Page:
• 2005 Commonwealth Writers’ Prize: Best First Book (Africa); Best First Book (Overall)
  • 2007 Anisfield-Wolf Book Award (fiction category),
  • 2007 PEN Award (for ‘Beyond Margins’)
  • 2007 Orange Broadband Prize for Fiction
  • 2008 MacArthur Foundation ‘Genius’ Grant
  • 2009 International Nonino Prize
  • 2013 Chicago Tribune Heartland Prize (fiction category)
  • 2013 National Book Critics Circle Award (fiction category)
  • Winner of the ‘Best of the Best’ of the Second Decade of the Baileys Women’s Prize for Fiction (formerly the Orange Prize for Fiction
  • Mary McCarthy Award, Bard College
  • ‘Le Grand Prix de l’héroïne Madame Figaro’ (for the French translation of Dear Ijeawele, or A Feminist Manifesto in Fifteen Suggestions {Chère Ijeawele, ou un manifeste pour une éducation féministe}
  • Barnes & Noble Writers Award
  • 2018 PEN Pinter Prize

Other Humanitarian/Social Awards

  • Future Award: Young Person of the Year category
  • Girls Write Now Awards: Groundbreaker honoree
  • Silverbird Special Achievement Award
  • Harper’s Bazaar’s Women of the Year Award
  • The Women’s Center’s 32nd Annual Leadership Conference: Recipient of the Leadership Award
  • Global Hope Coalition’s Thought Leadership Award
  • Action Against Hunger: Humanitarian Award
  • Everett M. Rogers Award
  • UN Foundation Global Leadership Award
  • Belle van Zuylen Ring Award

Other Recognitions

  • New Yorker’s ’Top 20 Under 40′ for 2010
  • ‘Ten Best Books of 2013′: New York Times Book Review, for Americanah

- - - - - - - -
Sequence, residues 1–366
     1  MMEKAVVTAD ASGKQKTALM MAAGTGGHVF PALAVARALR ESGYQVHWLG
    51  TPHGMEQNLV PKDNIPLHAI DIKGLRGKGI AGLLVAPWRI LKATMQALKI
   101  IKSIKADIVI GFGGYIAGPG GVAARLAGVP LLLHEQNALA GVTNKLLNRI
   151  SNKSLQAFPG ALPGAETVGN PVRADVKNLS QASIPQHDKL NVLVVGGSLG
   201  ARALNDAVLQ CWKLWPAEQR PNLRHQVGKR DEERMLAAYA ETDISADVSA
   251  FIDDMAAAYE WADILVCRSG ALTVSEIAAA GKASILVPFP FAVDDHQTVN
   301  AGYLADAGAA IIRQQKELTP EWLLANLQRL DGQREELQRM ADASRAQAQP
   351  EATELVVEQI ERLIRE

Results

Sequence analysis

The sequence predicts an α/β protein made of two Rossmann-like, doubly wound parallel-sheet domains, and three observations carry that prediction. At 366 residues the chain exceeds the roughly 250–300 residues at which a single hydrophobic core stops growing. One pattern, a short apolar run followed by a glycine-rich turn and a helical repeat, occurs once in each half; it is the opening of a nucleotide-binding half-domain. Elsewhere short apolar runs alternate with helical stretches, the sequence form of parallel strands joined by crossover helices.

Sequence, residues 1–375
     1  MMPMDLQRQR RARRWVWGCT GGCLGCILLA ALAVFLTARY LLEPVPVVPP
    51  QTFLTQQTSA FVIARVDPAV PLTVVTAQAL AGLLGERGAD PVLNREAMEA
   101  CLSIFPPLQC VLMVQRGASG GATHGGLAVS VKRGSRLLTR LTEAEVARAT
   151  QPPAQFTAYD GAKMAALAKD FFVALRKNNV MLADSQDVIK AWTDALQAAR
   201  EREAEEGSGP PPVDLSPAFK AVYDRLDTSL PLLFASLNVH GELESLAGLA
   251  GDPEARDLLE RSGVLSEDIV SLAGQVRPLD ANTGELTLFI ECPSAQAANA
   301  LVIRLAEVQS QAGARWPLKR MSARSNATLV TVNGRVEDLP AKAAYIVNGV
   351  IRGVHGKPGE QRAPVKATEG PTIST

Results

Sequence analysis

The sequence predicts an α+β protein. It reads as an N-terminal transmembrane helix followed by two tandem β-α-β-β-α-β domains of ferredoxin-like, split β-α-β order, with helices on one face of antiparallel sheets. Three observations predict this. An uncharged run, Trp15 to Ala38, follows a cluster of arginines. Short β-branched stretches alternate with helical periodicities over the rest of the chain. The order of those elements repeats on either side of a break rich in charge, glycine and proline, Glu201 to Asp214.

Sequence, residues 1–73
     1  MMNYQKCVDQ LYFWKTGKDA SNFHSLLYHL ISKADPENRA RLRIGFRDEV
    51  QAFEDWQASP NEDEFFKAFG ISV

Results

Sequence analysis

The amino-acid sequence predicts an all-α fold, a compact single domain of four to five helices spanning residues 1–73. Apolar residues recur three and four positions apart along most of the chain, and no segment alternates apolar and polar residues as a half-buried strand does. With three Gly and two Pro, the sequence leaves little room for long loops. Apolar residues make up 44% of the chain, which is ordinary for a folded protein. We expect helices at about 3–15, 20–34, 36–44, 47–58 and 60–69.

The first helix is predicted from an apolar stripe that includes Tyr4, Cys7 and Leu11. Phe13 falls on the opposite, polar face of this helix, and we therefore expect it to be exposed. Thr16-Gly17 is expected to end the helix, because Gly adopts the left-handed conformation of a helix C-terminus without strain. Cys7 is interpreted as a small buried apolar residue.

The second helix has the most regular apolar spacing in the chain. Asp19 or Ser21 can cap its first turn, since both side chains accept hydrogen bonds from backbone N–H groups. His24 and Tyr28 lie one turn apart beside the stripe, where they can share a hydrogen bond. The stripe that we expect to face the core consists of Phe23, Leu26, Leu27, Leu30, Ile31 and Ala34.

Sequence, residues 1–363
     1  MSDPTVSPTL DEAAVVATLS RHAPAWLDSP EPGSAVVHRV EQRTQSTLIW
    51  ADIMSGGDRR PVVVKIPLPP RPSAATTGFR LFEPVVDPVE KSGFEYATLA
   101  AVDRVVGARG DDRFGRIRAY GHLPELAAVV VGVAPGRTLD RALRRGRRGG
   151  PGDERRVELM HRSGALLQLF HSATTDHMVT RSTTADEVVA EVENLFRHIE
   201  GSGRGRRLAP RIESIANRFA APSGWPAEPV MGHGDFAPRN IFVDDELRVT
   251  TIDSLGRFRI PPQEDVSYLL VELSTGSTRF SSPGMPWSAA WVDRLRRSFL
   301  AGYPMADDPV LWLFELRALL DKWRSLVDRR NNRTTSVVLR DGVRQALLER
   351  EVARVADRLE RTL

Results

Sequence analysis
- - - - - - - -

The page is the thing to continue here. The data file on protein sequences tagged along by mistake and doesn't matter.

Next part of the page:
• ‘Top Ten Books of 2013′: BBC for Americanah
  • Top 100 Most Influential Africans
  • ‘100 Most Influential People’ by Time Magazine
  • ‘100 Dynamic Women’ by Arise Magazine
  • Vanity Fair’s International Best Dressed List
  • ‘One Book, One New York Programme’ for Americanah
  • Fortune Magazine’s ‘List of 50 World Leaders’
  • ‘One Maryland, One Book’ Programme for Purple Hibiscus
  • Contributor to Genius: 100 Visions of the Future
  • Best books of 2017 by NPR Books and Audible, for Dear Ijeawele
  • PBS’s ‘The Great American Read’ for Americanah
  • Ex-US President Barack Obama’s recommended summer reading list for Americanah (2018)
  • New York Times: ‘15 remarkable books by women that are shaping the way we read and write fiction in the 21st Century’ for Americanah
  • Honorary Degrees and Academic Distinctions
  • Honorary Doctorate, Eastern Connecticut State University, Willimantic, Connecticut, USA (May 2015)
  • Barnard Medal of Distinction, New York, USA (May 2016)
  • Honorary Doctorate, Johns Hopkins University, Baltimore, Maryland, USA (May 2016)
  • Foreign Honorary Member of the American Academy of Arts and Sciences (April 2017)
  • Honorary degree, Haverford College, Pennsylvania, USA (May 2017)
  • Honorary Degree of Doctor of Letters, University of Edinburgh, Scotland  (2017)
  • Honorary Doctor of Humane Letters Degree, Duke University, North Carolina, USA (May 2018)
  • Honorary Doctor of Humane Letters Degree, Amherst College, Massachusetts, USA (May 2018)
  • Honorary Doctor of Letters Degree, Bowdoin College, Maine, USA (May 2018)
  • Honorary Doctor of Literature (DLit) degree, School of Oriental and African Studies (SOAS), University of London, UK (July 2018)
  • Honorary Degree, American University, Washington DC, USA (May 2019)
  • Honorary Doctor of Humane Letters Degree, Georgetown University, Washington DC, USA (May 2019)
  • Honorary Doctorate of Fine Arts degree, Rhode Island School of Design, USA (June 2019)
  • Doctor of Letters, Honoris Causa, Yale University, USA (June 2019)
  • Honorary Degree, Northwestern University, USA (June 2019)
  • Honorary Degree, University of Pennsylvania (May 2020)


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About the author

Robin Okwanma

Hi, I'm Robin Okwanma. Software Engineer || Django, Python || React, React Native || Blogger. Technical Writer.